Current and Past Courses

Penn State University-Abington, Psychological and Social Sciences

  • Introductory Sociology
  • Qualitative Research Methods
  • Health & Society
  • Sociology of Gender 
  • Sociology of Deviance
  • Sociology of Sexuality

Whitman College, Department of Sociology

  • Social Psychology
  • Sociology of Gender
  • Social Movements
  • Sociology of Sexuality

Ripon College, Department of Sociology & Gender Studies

  • Sociology of Sexualities
  • Sociology of the Body
  • Sociology of Gender
  • Introduction to Sociology

University of Michigan, Department of Sociology

  • Sociology of Marriage and Families
  • Sociology of Deviant Behavior
  • Criminology
  • Sociology of Gender
  • Sociology of Sexuality

Over the years, my teaching has encompassed a wide variety of topics, from gender and sexuality to social psychology and health.  In each course, I rely on my background in gender, deviance, and medical sociology to teach key concepts to students.  For example, in my Sociology of the Body course, we trace how changes to BMI categories created the perception of obesity as an "epidemic," and its effects on how people think about their health and appearance.  Similarly, when teaching deviance or gender, I use empirical evidence to show how understandings of normality have shifted over time, particularly around what we once thought of as a disease (i.e., alcoholism, cross-gendered appearance, and hysteria).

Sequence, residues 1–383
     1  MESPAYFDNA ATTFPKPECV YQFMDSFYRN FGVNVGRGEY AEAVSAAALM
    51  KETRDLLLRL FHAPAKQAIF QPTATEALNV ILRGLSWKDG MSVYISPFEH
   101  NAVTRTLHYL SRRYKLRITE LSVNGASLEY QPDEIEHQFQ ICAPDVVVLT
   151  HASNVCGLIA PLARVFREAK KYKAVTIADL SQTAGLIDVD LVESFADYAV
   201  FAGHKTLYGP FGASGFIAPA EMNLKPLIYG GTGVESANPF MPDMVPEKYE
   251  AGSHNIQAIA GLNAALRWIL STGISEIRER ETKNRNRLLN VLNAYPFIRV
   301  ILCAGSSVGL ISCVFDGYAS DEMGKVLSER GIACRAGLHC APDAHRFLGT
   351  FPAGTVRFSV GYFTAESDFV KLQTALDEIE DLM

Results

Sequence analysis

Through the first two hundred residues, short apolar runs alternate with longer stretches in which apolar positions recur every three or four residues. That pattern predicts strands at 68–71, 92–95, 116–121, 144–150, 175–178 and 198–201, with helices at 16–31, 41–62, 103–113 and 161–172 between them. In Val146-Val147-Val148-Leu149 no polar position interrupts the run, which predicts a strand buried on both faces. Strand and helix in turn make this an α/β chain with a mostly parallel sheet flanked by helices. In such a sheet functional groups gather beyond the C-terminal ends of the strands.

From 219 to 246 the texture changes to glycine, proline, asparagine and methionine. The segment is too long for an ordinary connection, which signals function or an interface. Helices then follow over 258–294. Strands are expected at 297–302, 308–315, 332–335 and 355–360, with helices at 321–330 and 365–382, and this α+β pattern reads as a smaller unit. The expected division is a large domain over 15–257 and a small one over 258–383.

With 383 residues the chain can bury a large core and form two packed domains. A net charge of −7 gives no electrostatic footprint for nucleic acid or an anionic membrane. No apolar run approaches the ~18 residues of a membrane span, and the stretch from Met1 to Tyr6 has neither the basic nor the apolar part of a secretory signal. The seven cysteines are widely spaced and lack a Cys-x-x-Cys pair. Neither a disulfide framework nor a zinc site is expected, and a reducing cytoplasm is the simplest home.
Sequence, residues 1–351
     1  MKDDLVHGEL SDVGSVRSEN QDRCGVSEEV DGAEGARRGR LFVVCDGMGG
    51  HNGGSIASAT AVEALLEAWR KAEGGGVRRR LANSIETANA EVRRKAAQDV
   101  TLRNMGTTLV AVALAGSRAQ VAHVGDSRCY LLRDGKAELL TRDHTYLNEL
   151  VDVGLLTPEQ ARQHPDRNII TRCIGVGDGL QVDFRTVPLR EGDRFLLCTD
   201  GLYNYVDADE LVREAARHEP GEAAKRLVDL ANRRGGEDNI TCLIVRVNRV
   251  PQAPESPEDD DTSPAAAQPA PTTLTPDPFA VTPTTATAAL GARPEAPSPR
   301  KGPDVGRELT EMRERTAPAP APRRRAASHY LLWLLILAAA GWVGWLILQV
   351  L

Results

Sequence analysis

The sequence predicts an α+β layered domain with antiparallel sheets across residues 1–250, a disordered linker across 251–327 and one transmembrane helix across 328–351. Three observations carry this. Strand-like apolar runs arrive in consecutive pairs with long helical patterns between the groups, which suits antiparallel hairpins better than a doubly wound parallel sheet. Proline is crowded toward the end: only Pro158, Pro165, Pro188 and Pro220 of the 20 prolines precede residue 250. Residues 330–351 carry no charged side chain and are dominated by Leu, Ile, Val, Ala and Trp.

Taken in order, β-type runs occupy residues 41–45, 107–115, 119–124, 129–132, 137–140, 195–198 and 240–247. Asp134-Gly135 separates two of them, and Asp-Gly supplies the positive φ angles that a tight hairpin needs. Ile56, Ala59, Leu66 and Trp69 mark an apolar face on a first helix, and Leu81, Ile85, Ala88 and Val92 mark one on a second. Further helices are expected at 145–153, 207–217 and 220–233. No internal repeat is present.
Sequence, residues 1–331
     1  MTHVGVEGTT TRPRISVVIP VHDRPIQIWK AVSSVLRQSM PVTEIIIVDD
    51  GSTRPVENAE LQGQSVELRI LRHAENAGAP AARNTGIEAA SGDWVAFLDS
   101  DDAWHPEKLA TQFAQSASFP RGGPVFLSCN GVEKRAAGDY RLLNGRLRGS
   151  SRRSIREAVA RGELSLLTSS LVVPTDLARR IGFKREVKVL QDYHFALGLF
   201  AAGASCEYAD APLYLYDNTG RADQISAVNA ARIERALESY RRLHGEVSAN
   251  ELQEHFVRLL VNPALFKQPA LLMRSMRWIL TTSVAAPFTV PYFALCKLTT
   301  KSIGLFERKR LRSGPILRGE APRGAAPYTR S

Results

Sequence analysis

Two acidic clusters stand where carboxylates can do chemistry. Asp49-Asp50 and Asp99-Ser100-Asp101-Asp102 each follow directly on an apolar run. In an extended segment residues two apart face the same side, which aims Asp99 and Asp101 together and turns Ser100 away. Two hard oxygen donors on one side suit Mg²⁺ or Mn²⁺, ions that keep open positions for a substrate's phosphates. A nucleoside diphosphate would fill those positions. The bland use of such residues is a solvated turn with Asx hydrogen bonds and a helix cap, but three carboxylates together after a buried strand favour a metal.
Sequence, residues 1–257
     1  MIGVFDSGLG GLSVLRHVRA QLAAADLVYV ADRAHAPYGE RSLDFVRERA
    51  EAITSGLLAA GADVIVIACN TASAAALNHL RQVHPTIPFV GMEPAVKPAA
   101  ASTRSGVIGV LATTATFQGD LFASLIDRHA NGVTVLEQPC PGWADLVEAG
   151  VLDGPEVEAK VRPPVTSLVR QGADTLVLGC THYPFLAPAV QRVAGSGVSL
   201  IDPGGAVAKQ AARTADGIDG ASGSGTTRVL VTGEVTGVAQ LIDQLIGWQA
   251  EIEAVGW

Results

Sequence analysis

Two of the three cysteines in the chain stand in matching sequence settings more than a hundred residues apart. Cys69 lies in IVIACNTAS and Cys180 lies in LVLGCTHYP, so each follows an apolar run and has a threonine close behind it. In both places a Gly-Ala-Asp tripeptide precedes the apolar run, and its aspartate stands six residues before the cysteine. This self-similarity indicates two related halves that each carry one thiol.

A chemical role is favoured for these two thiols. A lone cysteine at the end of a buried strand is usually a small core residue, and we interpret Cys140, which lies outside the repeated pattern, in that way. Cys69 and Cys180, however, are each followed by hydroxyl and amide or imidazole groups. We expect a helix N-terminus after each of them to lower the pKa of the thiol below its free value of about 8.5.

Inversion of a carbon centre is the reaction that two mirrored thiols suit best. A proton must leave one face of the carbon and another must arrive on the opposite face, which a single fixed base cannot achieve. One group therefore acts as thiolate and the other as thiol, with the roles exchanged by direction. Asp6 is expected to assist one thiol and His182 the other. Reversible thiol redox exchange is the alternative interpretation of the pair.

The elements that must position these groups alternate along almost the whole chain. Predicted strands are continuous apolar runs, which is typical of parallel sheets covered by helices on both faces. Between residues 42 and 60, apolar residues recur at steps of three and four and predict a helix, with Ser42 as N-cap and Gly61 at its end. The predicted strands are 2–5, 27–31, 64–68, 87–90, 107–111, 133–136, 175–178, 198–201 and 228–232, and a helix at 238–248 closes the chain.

My instruction methods involve using an engaging approach of primary texts, lectures, and classroom discussions while utilizing media to bring the subject matter to life.  Hands-on exercises that stress sociological research methods, such as interviewing, ethnography, and content analysis, are incorporated into courses, so that students can see the link between data collection, analysis, and theory.  It is my belief that the more ways students have to learn (reading, writing, talking, viewing, and doing), the more engaged students become with the material.  Critical thinking first requires that students find a connection to the course, and using a varied, multi-media approach allows students to make the course (and sociology) relevant to their lives. 

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